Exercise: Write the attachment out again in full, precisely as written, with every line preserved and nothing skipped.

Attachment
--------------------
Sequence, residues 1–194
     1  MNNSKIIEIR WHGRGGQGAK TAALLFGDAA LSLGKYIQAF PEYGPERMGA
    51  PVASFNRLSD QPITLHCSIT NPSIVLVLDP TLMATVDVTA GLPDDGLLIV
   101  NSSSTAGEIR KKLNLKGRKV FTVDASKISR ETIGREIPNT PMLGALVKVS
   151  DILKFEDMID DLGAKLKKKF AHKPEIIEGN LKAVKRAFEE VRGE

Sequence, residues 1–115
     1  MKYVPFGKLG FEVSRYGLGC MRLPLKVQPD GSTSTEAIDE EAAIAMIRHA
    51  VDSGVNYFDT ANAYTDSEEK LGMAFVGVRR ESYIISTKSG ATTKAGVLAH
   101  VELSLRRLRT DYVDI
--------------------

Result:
Sequence, residues 1–194
     1  MNNSKIIEIR WHGRGGQGAK TAALLFGDAA LSLGKYIQAF PEYGPERMGA
    51  PVASFNRLSD QPITLHCSIT NPSIVLVLDP TLMATVDVTA GLPDDGLLIV
   101  NSSSTAGEIR KKLNLKGRKV FTVDASKISR ETIGREIPNT PMLGALVKVS
   151  DILKFEDMID DLGAKLKKKF AHKPEIIEGN LKAVKRAFEE VRGE

Sequence, residues 1–115
     1  MKYVPFGKLG FEVSRYGLGC MRLPLKVQPD GSTSTEAIDE EAAIAMIRHA
    51  VDSGVNYFDT ANAYTDSEEK LGMAFVGVRR ESYIISTKSG ATTKAGVLAH
   101  VELSLRRLRT DYVDI